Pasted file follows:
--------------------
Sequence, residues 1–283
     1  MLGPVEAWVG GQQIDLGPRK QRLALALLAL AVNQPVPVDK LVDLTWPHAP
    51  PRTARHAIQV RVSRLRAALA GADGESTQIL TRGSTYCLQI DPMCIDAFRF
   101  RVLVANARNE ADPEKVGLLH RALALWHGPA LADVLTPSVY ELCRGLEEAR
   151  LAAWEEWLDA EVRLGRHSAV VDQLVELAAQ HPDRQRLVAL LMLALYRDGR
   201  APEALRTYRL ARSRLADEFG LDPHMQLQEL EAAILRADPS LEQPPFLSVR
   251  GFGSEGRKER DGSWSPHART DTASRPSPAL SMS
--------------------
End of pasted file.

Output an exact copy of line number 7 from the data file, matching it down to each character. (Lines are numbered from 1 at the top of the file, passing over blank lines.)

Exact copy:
   251  GFGSEGRKER DGSWSPHART DTASRPSPAL SMS